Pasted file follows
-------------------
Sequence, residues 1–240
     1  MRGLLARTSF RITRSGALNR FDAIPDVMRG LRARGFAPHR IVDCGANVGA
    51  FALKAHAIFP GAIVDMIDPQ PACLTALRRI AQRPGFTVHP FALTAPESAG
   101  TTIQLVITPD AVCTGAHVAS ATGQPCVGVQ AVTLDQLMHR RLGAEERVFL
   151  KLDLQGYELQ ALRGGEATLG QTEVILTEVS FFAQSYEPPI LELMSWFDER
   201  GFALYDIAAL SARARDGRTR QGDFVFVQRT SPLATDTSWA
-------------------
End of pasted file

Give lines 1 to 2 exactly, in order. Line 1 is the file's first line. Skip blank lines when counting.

Sequence, residues 1–240
     1  MRGLLARTSF RITRSGALNR FDAIPDVMRG LRARGFAPHR IVDCGANVGA